Internal and external variability in regional simulations of the Iberian Peninsula climate over the last millennium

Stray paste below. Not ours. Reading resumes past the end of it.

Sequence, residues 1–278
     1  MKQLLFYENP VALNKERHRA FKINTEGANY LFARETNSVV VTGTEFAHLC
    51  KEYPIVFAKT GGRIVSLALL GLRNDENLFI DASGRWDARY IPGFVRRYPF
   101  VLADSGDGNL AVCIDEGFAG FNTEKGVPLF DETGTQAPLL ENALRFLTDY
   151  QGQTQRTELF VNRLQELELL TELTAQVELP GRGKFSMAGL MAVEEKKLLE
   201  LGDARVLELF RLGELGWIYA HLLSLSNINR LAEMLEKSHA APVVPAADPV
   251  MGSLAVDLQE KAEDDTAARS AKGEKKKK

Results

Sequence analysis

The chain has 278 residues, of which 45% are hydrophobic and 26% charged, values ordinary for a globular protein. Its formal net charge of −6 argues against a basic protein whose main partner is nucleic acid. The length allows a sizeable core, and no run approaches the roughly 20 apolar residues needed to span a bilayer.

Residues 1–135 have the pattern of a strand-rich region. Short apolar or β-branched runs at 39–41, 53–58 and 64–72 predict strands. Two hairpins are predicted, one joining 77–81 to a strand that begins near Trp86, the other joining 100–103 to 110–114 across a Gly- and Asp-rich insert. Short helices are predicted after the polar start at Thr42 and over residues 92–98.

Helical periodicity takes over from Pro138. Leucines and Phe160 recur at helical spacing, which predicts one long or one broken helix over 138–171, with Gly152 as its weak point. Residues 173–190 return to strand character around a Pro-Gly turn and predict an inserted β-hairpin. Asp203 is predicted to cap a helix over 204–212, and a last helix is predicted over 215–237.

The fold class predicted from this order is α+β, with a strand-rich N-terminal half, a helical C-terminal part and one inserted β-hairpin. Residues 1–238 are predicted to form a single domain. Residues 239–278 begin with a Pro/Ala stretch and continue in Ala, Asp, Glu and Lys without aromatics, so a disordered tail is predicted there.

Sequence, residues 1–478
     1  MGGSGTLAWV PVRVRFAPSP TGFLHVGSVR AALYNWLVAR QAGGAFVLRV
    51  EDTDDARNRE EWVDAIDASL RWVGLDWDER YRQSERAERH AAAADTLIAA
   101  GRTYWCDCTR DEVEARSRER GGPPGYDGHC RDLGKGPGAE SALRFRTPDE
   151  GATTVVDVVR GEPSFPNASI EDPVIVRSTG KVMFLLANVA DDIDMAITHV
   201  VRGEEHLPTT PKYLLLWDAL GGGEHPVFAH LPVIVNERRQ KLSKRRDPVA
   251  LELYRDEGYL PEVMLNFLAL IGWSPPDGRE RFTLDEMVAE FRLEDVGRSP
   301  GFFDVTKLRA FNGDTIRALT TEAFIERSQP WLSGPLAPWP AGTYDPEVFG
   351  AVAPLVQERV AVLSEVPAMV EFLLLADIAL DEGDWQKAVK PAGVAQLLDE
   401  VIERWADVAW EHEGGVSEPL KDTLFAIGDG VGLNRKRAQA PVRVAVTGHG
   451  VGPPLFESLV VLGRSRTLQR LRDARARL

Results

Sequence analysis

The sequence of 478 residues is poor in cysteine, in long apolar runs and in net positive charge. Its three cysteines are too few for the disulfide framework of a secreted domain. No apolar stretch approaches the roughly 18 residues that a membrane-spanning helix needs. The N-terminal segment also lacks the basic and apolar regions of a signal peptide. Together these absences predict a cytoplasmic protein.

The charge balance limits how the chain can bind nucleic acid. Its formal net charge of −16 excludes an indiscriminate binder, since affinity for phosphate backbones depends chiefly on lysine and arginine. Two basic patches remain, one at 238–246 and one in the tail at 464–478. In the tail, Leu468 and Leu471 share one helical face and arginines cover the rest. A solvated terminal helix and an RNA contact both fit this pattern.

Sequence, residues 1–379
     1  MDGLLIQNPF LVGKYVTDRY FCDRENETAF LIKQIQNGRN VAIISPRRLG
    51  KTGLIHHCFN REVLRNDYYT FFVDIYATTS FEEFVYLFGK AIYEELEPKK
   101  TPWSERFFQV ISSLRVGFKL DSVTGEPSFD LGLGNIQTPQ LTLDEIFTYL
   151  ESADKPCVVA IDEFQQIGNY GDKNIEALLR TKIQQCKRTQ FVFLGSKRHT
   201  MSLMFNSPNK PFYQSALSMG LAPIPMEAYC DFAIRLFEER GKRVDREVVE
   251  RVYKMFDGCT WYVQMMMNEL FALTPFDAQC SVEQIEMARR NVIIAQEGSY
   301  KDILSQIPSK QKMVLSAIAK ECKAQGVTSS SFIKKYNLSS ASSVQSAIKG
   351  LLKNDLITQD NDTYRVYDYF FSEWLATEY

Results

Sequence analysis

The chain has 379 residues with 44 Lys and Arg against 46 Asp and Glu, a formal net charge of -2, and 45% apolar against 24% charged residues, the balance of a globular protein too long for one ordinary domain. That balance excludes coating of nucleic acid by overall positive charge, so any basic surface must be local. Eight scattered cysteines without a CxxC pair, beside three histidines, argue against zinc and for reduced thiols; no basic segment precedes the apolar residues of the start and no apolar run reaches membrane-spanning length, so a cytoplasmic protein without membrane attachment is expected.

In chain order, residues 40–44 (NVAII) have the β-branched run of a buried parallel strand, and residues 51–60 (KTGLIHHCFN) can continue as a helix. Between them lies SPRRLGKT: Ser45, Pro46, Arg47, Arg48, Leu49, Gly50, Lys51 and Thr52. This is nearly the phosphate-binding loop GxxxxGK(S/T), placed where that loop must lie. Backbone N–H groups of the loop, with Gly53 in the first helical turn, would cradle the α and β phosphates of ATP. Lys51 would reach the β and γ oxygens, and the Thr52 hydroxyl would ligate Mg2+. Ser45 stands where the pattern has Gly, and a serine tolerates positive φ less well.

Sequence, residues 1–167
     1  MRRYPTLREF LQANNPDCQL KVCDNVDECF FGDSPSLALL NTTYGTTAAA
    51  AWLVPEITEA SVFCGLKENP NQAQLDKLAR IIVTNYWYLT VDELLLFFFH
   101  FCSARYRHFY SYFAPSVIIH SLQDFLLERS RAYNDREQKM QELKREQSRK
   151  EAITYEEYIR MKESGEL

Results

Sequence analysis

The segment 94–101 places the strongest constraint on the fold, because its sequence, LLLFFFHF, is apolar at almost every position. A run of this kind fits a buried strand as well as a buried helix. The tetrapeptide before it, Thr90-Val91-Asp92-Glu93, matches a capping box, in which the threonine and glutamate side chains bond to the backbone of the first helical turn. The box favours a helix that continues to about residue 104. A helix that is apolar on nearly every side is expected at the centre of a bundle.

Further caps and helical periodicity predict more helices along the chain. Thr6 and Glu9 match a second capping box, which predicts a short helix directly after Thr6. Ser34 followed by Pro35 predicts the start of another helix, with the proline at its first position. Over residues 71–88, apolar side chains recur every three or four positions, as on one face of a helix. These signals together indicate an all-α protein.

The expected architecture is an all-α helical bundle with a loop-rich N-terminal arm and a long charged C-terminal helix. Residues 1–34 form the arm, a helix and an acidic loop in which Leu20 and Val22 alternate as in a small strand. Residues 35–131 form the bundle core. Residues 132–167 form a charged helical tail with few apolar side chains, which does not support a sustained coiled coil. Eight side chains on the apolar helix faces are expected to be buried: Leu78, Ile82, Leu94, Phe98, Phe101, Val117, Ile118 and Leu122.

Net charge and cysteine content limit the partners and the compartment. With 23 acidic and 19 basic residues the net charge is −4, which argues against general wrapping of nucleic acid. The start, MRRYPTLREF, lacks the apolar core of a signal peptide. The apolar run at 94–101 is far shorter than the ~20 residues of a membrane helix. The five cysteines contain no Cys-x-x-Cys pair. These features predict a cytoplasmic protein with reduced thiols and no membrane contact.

In this study we analyse the role of internal variability in regional climate simulations through a comparison of two regional paleoclimate simulations for the last millennium. They share the same external forcings and model configuration, differing only in the initial condition used to run the driving global model simulation. A comparison of these simulations allows us to study the role of internal variability in climate models at regional scales, and how it affects the long-term evolution of climate variables such as temperature and precipitation. The results indicate that, although temperature is homogeneously sensitive to the effect of external forcings, the evolution of precipitation is more strongly governed by random and unpredictable internal dynamics. There are, however, some areas where the role of internal variability is lower than expected, allowing precipitation to respond to the external forcings, and we explore the underlying physical mechanisms responsible. We find that special attention should be paid when comparing the evolution of simulated precipitation with proxy reconstructions at regional scales. In particular, this study identifies areas, depending on the season, in which this comparison would be meaningful, but also other areas where good agreement between model simulations and reconstructions should not be expected even if both are perfect.